The Judge asked: "Don't you know that it was a pearl necklace Brun pledged?"

I hesitated to reply, and finally said (I quote from the Dossier):

"Allow me not to talk about that. It was a necklace I received as a present; it had five rows of pearls. I gave it to my husband, and told him he could do what he liked with it, that he could sell it when he pleased."...

(Dossier Cote 8308)

I explained that my husband and I lived quite apart, but that I allowed him to make use of my jewels when he was short of money. When I had finished, M. André made no remark at all about the pearl necklace, and proceeded with his interrogating as if that jewel had had no importance whatever.

Two days later, however, during the next Instruction, M. André, wanting, perhaps, to make sure that the necklace Brun had spoken of was really the mysterious and all-important necklace given by President Faure, asked me a few details about it. I replied:

"The five-row pearl necklace, of which I spoke to you the day before yesterday, was sold during the past ten years little by little, that is, pearl by pearl or in series of pearls, by my husband. I did not have anything to do with those sales.... All I know is that at the time of the drama there still remained some pearls from that necklace.... Those pearls were then in the lower drawer of the wardrobe where I usually placed my jewel-cases. I had seen, towards May 5th or 6th, about ten pearls. I had not taken them to Bellevue, and since the drama I have not seen them again. They have therefore been stolen, unless my husband had sold them between May 5th and May 30th, but that would surprise me...."

Question. "Why have you not spoken about those pearls?"...

Answer. "On account of my daughter. I wished to keep silent about the origin, that is, the giver, of those pearls."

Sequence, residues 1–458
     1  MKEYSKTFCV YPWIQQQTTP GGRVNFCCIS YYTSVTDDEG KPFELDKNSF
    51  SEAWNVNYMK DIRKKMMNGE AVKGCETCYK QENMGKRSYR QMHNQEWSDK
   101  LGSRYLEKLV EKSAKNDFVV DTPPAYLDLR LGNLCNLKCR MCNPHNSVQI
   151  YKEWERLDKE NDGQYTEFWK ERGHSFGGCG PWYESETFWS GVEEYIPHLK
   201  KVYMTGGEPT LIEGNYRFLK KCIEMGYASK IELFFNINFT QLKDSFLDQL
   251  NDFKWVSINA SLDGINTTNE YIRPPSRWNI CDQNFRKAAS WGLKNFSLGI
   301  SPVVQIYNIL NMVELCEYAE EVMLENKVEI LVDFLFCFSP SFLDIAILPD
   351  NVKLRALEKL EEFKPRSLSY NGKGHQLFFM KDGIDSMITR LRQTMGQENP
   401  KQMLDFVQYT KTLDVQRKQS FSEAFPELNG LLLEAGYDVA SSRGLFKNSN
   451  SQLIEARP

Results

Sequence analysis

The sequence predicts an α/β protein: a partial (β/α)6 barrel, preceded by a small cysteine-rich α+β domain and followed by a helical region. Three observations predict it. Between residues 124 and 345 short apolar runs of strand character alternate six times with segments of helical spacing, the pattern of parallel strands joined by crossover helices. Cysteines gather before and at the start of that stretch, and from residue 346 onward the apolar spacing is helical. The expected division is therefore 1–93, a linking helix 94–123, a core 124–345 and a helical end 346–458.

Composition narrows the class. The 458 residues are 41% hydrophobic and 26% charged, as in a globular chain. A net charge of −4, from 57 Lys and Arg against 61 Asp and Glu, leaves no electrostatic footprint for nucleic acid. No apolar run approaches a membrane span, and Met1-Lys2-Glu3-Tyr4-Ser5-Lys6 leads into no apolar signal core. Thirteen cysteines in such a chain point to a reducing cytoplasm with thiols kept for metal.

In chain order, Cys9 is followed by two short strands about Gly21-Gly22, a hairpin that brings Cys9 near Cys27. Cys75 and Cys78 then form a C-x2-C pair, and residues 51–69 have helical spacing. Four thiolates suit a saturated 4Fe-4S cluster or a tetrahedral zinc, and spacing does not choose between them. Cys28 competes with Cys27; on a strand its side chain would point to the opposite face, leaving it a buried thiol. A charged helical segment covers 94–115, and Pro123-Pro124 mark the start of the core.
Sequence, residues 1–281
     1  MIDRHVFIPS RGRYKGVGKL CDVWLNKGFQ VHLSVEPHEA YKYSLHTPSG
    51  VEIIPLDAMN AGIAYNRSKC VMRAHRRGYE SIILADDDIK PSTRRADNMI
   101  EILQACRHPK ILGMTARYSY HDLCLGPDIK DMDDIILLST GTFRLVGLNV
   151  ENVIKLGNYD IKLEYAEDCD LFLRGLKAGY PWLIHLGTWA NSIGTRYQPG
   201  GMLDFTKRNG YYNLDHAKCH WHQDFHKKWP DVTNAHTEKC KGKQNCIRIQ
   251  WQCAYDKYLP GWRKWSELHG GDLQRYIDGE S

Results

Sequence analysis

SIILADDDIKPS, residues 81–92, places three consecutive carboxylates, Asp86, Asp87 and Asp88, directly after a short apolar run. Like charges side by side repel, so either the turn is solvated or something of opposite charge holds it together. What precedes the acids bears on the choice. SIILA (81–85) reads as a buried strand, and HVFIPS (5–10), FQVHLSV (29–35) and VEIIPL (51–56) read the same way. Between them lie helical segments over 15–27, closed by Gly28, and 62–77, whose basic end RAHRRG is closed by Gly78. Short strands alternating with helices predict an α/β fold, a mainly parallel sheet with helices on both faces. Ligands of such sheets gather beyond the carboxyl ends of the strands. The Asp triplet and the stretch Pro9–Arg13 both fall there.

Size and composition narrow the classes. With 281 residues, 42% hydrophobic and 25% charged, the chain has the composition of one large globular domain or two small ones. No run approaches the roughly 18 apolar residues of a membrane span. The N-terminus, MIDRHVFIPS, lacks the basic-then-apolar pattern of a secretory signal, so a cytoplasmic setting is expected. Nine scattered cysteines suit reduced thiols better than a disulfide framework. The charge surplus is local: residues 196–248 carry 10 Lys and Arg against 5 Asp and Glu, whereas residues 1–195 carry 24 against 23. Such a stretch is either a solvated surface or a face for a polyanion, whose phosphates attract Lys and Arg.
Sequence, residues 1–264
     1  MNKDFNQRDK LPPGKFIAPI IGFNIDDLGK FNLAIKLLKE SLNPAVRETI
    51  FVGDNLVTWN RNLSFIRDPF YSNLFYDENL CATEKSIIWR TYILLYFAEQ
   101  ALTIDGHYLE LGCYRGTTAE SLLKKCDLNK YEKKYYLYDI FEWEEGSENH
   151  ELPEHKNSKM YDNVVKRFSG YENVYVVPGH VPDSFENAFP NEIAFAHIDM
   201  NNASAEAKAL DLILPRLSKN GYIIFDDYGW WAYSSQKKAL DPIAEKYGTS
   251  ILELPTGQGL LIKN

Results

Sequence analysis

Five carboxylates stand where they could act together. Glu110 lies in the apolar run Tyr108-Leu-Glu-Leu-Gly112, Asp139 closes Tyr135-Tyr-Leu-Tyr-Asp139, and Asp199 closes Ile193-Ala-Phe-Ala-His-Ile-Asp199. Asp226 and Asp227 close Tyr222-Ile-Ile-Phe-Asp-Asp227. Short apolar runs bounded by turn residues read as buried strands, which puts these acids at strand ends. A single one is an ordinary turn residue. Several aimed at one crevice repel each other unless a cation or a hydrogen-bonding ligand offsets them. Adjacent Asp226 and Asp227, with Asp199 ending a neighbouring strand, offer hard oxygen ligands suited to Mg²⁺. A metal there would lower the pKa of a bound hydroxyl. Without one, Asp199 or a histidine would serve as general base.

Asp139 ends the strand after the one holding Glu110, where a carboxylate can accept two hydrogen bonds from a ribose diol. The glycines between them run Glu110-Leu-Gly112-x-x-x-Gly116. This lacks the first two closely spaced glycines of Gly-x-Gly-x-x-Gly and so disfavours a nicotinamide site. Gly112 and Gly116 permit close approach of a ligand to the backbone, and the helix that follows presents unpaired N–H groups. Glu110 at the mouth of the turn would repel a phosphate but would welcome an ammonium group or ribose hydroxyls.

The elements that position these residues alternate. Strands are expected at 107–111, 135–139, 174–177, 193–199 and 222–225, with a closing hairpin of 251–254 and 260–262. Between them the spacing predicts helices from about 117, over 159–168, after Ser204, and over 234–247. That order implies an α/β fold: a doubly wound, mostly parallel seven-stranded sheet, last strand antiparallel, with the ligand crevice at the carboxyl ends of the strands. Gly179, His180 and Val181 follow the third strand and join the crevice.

Question. "By mentioning their disappearance, nothing compelled you to indicate their origin?"

Answer. "I did not wish to speak about that necklace"....

(Dossier Cote 3310)

Once again M. André did not insist.

During another Instruction, one month later (Dossier Cote 3389), M. André tried to make me contradict myself about the necklace, stating that one of my accounts of the occasion when M. Brun consented to pledge jewels for my husband did not tally with another; he also remarked that my friend M. Mustel, the piano and organ manufacturer, who had seen the famous pearls, had described, in quite a different way from that in which I had described it, a family scene, at my house, about certain debts of my mother's which I was ready to pay by selling the pearls I still possessed. But all this had but a very vague connection with the necklace itself. I may further state that M. Brun stated that he received only about £6 for the necklace he pledged, so that either he referred to a necklace of which I know nothing, or he made a huge mistake. At any rate, I do not know of necklaces with five rows of pearls that would merely fetch £6 when pledged!

I may quote a few lines from M. Brun's evidence: